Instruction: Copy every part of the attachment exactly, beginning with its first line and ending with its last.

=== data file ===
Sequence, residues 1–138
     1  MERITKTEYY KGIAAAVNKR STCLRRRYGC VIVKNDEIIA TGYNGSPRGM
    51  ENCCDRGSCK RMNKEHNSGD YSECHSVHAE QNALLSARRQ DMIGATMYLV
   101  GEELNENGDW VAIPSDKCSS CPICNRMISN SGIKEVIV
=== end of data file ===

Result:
Sequence, residues 1–138
     1  MERITKTEYY KGIAAAVNKR STCLRRRYGC VIVKNDEIIA TGYNGSPRGM
    51  ENCCDRGSCK RMNKEHNSGD YSECHSVHAE QNALLSARRQ DMIGATMYLV
   101  GEELNENGDW VAIPSDKCSS CPICNRMISN SGIKEVIV